Novak Djokovic reportedly preparing to serve up some pay back for Australia’s ban

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In a potential alternative meaning for you’ve been served, Novak Djokovic is reportedly lawyering up with the idea of possibly suing the Australian government over his coronavirus-related deportation and resulting in lost prize money.

Making matters worse perhaps, the Melbourne quarantine hotel where the unvaccinated Serbian tennis superstar was stuck in for five days allegedly wasn’t exactly five-star.

Under a conservative national government, Australia has imposed some of the most draconian COVID-related restrictions of any country in the world, even as infections are currently surging there.

According to government statistics, nearly 93 percent of the population in the Land Down Under are double-vaxxed.

Although he initially obtained a medical exemption from the COVID jab, authorities reversed course and ultimately deported Djokovic — ranked as the world’s top tennis professional — after 11 days of visa drama, thereby preventing him from competing in the Australian Open tournament.

In Australia, the Liberal Party leads the conservative coalition in parliament, which given the authoritarian lockdown and vaccination rules it imposed on the citizenry under Prime Minister Scott Morrison, turns out to be ironically appropriate.

Djokovic could allegedly seek up to about $6 million in money damages in court, when the cash prize of $2.75 million for winning the tournament for the 10th time, which he was expected to do, is factored into the calculation. There is no certainty that legal action would be successful, however.

According to The Sun, Djokovic purportedly had a sit-down with attorneys to discuss his legal options:

Novak Djokovic is in talks with lawyers about suing the Australian government…for “ill treatment”…

A source close to his agent Edoardo Artladi said: “It’s well known that Novak and his family feel he was poorly treated in the quarantine hotel in Melbourne.

“His mother revealed how it was full of fleas and maggots. He was kept a virtual prisoner.”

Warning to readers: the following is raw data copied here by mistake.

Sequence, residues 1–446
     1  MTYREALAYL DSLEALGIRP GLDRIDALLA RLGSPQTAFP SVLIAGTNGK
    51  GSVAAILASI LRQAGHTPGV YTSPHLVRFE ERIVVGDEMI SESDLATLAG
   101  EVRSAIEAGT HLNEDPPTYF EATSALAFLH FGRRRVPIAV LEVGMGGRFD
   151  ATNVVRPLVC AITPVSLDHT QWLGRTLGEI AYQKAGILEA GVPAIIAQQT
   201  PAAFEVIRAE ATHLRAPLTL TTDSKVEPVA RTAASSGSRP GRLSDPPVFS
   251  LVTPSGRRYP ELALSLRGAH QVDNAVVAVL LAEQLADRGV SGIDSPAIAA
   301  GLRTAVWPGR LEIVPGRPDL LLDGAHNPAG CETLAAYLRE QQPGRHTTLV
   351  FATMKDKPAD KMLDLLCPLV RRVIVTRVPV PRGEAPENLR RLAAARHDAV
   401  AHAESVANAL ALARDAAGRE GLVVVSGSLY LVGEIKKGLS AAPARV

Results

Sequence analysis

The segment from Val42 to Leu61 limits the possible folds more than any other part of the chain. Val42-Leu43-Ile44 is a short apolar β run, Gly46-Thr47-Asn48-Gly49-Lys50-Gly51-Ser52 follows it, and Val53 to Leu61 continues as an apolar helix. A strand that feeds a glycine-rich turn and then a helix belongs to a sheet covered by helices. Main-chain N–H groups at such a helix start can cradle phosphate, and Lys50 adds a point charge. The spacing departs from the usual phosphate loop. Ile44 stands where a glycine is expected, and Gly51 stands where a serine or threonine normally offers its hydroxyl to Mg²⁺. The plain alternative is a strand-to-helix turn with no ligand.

Lawyer Toma Fila added: “He was subjected to humiliating treatment. He should sue.”

 

In the end, a three-member panel of senior jurists upheld the elite athlete’s deportation, as summarized by The New York Times:

“An iconic world tennis star may influence people of all ages, young or old, but perhaps especially the young and the impressionable, to emulate him,” the panel of three judges found. “This is not fanciful; it does not need evidence.”

The court noted the broad authority of the immigration minister, Alex Hawke, to control entry into the country and found he was well within his rights to cancel Mr. Djokovic’s visa on the grounds of “health and good order.”

The legal question, the judges said, was not whether Mr. Djokovic actually posed a risk to health, safety and good order to the country, but whether Mr. Hawke was “satisfied” that his presence in the country might amount to one.

 

Upon being booted from Australia, Djokovic said that he respected the court’s ruling even though he was extremely disappointed with the outcome, which precludes his ability to defend the Australian Open title.

The decision also means that he has no chance to seek a 21st Grand Slam, i.e., winning all four major championships in the same calendar year.

The others are the French Open — from which Djokovic has now been banned because of his unvaccinated status and the country’s vaccine passport requirement — along with Wimbledon and the U.S. Open.

 

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